• Thank you or speaking up. Thank you for speaking out. I will stand with you as a brother in Christ. I will do what I can to hold you when you are tired. Your voice needs to be heard. Thank you again.

    • registeredrunaway

      Thank you Aaron. I can’t tell you how excited I am to share your letter next week.

  • Yes! A hundred times, yes!

    • registeredrunaway

      Thanks David!

  • Ford1968

    I’m with you. We must speak up , the stakes are too high. Remember I’m by your side, and I’ll do likewise.

  • Don’t listen to the voice that says “You aren’t good enough,” “You aren’t perfect enough,” “You don’t know enough,” “You aren’t Christian enough.” You have your LOVE for others with you. KILL the ignorance and hatred with that. Such things can’t survive in the presence of love. Your words have power, man, and they’re fueled by the good stuff.

    • registeredrunaway

      Yes! Such things CANT survive in the power of love. Perfect words MEA. Thank you for that.

  • Ford1968

    Oh, and not for nothing…you mom ROCKS! Give her a big hug from this stranger who thanks her for her solidarity.

    • registeredrunaway

      She loves you back Ford! And, yes, she is the freaking best.

  • It’s the height of pastoral cowardice to refuse to meet the persons you hurt with your words. His actions strike me as irresponsible, weak, and self-righteous. Even if he genuinely believes what he preaches, that does not excuse him from dealing with the aftermath of his convictions. “Homosexuality” isn’t a theological issue: it’s a pastoral reality. If a pastor can’t meet that reality face-to-face, he should just shut up, turn in his frock, and drive a cab.

    Sorry, that’s my two cents.

    • registeredrunaway

      Don’t be sorry for your two cents because I am right there with you. I actually wrote about that in the most recent (two seconds ago) published post. I still can’t believe he won’t meet with me.

  • survivorgirl007

    RR,

    Are you familiar with Dr. Michael Westmoreland-White? A couple of weeks ago I was reading something he wrote regarding the OT purity code, but it wasn’t the usual blah-blah-blah. I want to share with you what inspired me in his words: “If we place concerns about purity ahead of matters of compassion for the outcast and ahead of dignity for all people, we will be far more unfaithful than if we risk changing the church’s sexual ethic in this area and turn out to mistake God’s will. When I stand before the Last Judge, I would rather be able to say that I erred (if I did) on the side of standing with the marginalized than I erred on the side of purity.” The second sentence just undid me. I am standing with and for my son. Your mom is standing with and for her son. The Lord of love would expect nothing less.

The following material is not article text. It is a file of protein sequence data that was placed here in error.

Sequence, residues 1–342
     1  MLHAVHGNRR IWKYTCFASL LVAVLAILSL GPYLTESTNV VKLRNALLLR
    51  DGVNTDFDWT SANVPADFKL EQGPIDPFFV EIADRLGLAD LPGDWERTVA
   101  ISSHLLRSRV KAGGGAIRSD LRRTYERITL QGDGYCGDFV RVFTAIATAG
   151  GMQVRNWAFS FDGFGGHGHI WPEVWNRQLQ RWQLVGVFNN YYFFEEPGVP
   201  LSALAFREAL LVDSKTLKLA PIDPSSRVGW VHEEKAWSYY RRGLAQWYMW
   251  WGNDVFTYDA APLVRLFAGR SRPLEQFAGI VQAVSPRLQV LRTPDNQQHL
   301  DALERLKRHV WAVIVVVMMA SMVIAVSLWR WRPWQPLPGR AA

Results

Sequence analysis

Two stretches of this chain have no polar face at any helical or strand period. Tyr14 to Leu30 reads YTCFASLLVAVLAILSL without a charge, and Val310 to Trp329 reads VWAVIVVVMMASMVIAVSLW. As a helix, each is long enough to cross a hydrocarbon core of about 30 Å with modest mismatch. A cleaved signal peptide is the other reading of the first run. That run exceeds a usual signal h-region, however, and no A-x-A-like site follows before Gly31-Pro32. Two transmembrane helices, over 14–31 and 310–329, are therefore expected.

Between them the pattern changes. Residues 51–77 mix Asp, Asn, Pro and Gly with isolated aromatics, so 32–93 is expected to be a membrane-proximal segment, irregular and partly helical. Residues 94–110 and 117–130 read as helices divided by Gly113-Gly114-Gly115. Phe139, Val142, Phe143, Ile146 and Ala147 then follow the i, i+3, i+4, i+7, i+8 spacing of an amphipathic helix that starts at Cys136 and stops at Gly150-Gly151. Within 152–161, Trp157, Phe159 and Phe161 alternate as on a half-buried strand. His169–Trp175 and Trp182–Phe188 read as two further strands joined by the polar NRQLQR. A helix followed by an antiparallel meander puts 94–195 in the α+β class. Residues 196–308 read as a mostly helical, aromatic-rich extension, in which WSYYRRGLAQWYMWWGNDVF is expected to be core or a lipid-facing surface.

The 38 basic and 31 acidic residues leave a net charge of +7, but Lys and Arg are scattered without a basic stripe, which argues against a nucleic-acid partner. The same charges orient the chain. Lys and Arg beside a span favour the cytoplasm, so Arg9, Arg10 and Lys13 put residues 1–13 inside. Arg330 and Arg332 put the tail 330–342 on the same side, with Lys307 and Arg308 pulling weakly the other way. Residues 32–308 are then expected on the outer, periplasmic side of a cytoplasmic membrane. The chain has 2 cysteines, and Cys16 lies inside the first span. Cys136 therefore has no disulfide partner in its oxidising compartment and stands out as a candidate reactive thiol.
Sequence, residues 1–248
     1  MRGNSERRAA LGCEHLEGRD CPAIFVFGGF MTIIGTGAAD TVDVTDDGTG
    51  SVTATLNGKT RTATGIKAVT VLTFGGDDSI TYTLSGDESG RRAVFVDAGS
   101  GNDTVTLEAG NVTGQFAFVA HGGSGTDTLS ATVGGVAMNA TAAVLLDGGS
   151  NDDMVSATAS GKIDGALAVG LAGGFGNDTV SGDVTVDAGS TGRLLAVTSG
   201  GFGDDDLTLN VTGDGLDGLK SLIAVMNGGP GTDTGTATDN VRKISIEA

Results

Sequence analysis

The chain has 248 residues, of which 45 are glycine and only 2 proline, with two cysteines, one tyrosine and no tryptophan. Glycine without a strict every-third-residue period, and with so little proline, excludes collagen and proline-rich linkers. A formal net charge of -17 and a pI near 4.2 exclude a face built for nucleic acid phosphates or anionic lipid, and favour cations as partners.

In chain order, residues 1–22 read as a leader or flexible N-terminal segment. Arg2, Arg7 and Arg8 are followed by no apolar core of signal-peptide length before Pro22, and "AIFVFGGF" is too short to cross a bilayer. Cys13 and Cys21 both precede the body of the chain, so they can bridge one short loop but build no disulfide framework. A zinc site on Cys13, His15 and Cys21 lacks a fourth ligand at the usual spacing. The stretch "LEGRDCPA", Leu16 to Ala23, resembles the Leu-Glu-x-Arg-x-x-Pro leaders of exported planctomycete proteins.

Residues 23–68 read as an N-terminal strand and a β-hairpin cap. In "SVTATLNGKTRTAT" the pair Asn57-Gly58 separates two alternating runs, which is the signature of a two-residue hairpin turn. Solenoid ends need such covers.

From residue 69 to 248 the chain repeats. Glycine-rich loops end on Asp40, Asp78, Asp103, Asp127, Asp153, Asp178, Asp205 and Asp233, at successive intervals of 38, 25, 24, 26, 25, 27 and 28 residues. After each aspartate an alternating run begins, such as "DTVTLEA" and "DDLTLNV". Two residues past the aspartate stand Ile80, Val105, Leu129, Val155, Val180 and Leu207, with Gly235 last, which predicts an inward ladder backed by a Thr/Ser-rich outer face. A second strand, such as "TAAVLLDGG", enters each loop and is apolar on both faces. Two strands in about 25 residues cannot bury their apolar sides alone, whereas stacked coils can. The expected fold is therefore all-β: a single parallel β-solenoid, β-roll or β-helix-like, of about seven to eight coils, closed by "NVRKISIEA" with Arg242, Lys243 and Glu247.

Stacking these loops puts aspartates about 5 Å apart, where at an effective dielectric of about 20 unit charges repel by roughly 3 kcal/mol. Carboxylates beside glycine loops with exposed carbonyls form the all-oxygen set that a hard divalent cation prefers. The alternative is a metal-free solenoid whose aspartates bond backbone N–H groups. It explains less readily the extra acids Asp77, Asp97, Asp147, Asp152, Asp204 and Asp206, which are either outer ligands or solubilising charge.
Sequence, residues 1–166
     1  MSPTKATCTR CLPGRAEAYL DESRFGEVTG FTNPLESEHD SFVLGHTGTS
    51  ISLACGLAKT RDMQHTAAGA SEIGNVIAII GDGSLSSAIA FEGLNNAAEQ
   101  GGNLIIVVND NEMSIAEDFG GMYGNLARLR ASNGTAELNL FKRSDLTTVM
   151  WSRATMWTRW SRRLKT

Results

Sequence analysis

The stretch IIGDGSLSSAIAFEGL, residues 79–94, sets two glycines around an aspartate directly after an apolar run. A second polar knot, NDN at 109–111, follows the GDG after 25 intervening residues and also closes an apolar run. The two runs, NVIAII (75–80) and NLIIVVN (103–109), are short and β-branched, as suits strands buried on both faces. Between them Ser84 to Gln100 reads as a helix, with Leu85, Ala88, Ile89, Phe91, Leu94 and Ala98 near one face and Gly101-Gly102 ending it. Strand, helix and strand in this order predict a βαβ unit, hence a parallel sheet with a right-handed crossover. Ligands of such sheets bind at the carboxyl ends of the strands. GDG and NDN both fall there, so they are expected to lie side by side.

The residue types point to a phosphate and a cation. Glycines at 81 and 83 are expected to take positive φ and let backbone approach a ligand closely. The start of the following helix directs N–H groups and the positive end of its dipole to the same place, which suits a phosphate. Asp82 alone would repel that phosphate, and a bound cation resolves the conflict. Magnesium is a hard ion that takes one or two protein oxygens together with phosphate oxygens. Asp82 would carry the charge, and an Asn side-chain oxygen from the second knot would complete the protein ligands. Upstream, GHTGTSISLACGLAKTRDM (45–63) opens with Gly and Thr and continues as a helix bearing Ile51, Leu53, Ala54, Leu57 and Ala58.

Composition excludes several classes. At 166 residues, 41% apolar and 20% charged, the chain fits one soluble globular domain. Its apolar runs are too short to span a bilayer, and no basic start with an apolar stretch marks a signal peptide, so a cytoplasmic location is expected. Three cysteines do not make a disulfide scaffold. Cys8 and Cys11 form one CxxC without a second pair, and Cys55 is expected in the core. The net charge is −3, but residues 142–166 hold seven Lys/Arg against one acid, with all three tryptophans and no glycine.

Love and hugs to you –
    SG

    • registeredrunaway

      mmmm SG! Thank you. Thank you so so so much for sharing that with me. That second sentence did me in too. How powerful and true a message! I am so grateful for you. Love you SG!

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  • Bob

    Keep fighting for your rights. Not everyone is like your idiot pastor. You are a brave man and your mom is a brave woman. I wish you all the best and I hope one day soon you won’t have to fight any more, because being gay will be seen as a normal part of the variety of human experience,

  • Micah

    Really great post. One that I needed to read as I start a conversation with my Church. At times, I feel so discouraged and alone in the quest of starting conversations and perusing reconciliation, but it’s great to know there are others out there who are truly interested in it as well!

    Also, your mom sounds awesome!